Chronicle Herald, 11 March 2007

FALMOUTH - Impi (Siira) Porter, 89, of Falmouth, died Thursday at theCenter for Optimum Care in Falmouth.
She was the wife of Otis M. Porter, who died in 1971. Mrs. Porter was born in West Barnstable. She grew up in Centerville and had lived in Falmouth since 1931. She graduated from Barnstable High School, Hyannis Normal School and Bridgewater State Teachers College. She was an elementary school teacher for many years, in Falmouth from 1931 to 1942 and in Barnstable from the late 1950s until her retirement in 1973.
Mrs. Porter was a longtime member of the First Congregational Church in Falmouth and the church's Women's Union. She was also a member of the Massachusetts Teachers Association, the National Education Association and the Barnstable Teachers Association. Her many interests included needlepoint, gardening, bird watching and puzzles.
Surviving are two sons, Otis M. Porter III and Paul E. Porter, both of Falmouth; two brothers, Howard Siira of Hyannis and Leslie Siira of Florida; three sisters, Violet Nickerson of West Barnstable, Barbara Baker of Bass River and Dorothy Kittila of Yarmouth; five grandchildren; and one great-grandson. She was also the mother of the late Eugenia P. Landers.
Private services and burial will be held tomorrow, with a memorial service at a later date.
Memorial donations may be made to the Visiting Nurse Association of Cape Cod, 434 Route 134, South Dennis, MA 02660-3402.
Cape Cod Times, 25 March 2001

The funeral service for Mrs. Fred Uhey was held Tuesday afternoon, May 7,at the Anderson Mortuary in Northfield. the Rev. James Park of the LittlePrairie Methodist church officiated. Mrs. Donald Klinefelter was organistand Cecil Hutton, vocal soloist. On Monday evening, members of CarnationRebekah Lodge No. 141 had conducted a service at the mortuary. Burial wasin the Northfield cemetery. The pallbearers were all nephews of Mrs. Uhey-- Fay Thielbar, Eugene Thielbar, Raymond Sommers, Ira Harger, Leo Kogerand Donald Rahmann. Mrs. Uhey died Saturday morning, May 4, 1968, in theMinnesota IOOF Home in Northfield where she had ben taken the previousSaturday from Northfield Hospital. She had been a patient at the hospitalsince breaking her hip early in the spring. Myrtle Jane Porter, daughterof Blanchard and Martha (Canedy) Porter, was born at Little Prairie onOctober 22, 1886. She attended the public schools of Dundas andNorthfield. In 1927 she married Irving Taylor and they farmed in theLittle Chicago area until Mr. Taylor's death in 1942. She returned toDundas to make her home and was married here to Fred Uhey in 1945. Theyhad since lived in Dundas. She was a member of the Dundas Methodistchurch now closed; of the Dundas Methodist Women's Society of ChristianService; and of Carnation Rebekah Lodge. She had no children, but uponthe death of her sister, she took the infant niece and reared her as herown daughter. She is survived by her husband; her foster daughter, Mrs.Richard Grant (Rosella) of Dundas; six grandchildren, Mrs. GeraldArmstrong, (Francis) of Randolph, Edward, Gene, Gary, Mary and GayleGrant all at home; and one great-granddaughter; one brother Floyd Porterof rural Faribault. She was preceded in death by her parents; twobrothers, Clarence and Lloyd; and her sister, Mrs. Clifford Thielbar(Cynthia).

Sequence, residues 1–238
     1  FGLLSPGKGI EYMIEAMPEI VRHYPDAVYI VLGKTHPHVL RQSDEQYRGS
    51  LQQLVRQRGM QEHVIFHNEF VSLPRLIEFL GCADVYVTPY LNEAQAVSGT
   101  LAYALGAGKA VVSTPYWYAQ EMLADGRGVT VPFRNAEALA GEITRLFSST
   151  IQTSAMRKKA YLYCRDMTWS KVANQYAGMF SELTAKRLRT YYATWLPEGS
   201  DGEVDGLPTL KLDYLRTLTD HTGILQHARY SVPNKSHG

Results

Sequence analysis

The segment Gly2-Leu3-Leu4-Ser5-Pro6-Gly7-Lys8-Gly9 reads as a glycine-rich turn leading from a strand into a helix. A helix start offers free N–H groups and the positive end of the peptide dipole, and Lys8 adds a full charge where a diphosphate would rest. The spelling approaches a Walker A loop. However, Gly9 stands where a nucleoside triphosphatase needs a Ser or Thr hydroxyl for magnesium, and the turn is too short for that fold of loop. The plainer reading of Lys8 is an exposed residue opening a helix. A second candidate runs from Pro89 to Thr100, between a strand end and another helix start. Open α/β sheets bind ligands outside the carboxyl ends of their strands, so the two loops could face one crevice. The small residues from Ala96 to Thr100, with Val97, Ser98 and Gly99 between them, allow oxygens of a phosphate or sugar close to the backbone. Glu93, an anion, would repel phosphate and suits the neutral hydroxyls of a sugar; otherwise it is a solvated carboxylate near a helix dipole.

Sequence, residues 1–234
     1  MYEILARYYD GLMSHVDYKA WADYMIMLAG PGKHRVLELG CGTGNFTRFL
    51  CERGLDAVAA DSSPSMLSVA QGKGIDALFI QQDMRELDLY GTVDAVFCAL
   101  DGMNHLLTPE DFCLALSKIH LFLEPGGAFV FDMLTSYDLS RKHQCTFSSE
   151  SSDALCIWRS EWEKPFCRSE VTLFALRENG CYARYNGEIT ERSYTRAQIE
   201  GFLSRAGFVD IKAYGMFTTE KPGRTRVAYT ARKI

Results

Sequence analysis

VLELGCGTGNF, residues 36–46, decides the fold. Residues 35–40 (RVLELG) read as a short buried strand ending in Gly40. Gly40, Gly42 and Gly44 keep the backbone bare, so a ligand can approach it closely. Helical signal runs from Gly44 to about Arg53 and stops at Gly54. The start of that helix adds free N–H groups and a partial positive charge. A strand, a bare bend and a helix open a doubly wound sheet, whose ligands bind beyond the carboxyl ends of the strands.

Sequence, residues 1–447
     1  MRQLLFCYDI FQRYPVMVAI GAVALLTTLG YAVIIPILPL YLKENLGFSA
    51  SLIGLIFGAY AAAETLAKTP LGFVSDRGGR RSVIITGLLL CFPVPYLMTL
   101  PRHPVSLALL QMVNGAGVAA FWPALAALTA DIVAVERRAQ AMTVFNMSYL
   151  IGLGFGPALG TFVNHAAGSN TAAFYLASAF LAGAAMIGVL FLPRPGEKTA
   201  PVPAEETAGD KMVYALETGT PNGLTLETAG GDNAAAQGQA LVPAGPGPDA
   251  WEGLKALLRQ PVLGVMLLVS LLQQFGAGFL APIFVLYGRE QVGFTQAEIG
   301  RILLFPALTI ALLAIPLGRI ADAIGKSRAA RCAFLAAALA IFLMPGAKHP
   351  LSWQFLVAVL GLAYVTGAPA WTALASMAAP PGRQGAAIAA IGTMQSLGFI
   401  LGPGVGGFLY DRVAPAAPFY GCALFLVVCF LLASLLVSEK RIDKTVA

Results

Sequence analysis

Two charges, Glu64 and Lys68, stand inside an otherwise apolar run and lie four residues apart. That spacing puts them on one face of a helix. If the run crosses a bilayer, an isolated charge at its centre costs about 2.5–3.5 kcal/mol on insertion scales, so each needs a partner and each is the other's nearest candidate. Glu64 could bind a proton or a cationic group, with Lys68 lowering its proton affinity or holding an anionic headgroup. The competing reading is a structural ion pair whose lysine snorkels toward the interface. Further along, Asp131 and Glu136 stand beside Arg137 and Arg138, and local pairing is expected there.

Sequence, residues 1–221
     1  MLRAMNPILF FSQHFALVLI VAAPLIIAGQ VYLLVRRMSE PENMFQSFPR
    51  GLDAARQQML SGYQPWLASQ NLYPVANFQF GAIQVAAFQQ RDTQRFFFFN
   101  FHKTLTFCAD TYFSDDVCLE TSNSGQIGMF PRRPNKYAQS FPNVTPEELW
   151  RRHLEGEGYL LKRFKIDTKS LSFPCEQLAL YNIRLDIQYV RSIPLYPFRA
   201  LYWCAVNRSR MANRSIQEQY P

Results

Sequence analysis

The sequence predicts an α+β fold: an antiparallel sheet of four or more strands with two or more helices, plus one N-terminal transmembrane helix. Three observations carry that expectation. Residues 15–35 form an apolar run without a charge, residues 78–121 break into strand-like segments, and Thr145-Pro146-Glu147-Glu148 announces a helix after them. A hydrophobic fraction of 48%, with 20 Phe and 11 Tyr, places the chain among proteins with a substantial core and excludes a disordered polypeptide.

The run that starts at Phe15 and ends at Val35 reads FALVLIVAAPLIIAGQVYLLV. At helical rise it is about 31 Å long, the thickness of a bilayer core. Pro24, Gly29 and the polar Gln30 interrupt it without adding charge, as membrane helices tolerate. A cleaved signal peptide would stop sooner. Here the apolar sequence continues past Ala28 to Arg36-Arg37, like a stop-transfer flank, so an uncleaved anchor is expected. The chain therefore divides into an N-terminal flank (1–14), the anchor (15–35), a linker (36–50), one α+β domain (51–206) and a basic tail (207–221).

Faribault Daily News, 13 May 1968

Mrs. Clifford Thielbar's Death Brings Sorrow to Entire Dundas Community.
The tragic death of Mrs. Clifford Thielbar early Sunday evening, Jan. 18, came as a great shock and cast gloom over the whole community. Mrs. Thielbar was up for the first time that day since the birth of her daughter January 3. She seemed to be feeling well and was in good spirits. Her mother, who had been staying with her, left for home only a hlaf hour before her death. Mrs. Thielbar fell suddenly headlong, striking her head on the radiator. A fractured skull resulted from the fall, but Mrs. Thielbar is believed to have died instantly before falling.
Cynthia A. Porter was born June 22, 1890, at the farm home of her parents, Mr. and Mrs. B. L. Porter, two miles south of Dundas. She was brought up in the Little Prarie Community and was married to Clifford Thielbar of Dundas, December 20, 1910.
Mrs. Thielbar was the mother of eleven children, all of whom are living at home. They are Raymond, Eva, Leona, Martha, Myrtle, Fay, Wilma, Calvin, Alvan, Eugene and a baby girl. She is also survived by her husband and parents and by two brothers and one sister. The brothers are C.W.Porter of Bismarck, N.D., who arrived Tuesday to attend the funeral, and Floyd Porter of Little Prarie; and the sister, is Mrs. I.N. Taylor of LIttle Chicago. Mrs. Thielbar was a niece of Mrs. A.R. Kolb and Sam Canedy of Dundas.
The spring after their marriage Mr. and Mrs. Thielbar went to Yellow Grass, Saskatchewan, where Mr. Thielbar had previously taken a claim. They lived there until December, 1912, when they returned to Dundas and Mr. Thielbar went into partnership with his father, A.J. Thielbar, in the Thielbar Mercantile company. In 1922, he sold his share in the business and bought a farm 4 1/2 miles southeast of Dundas. This was their home until October, 1928, when they again moved to Dundas and Mr. Thielbar became the sole owner of the Thielbar Mercantile company.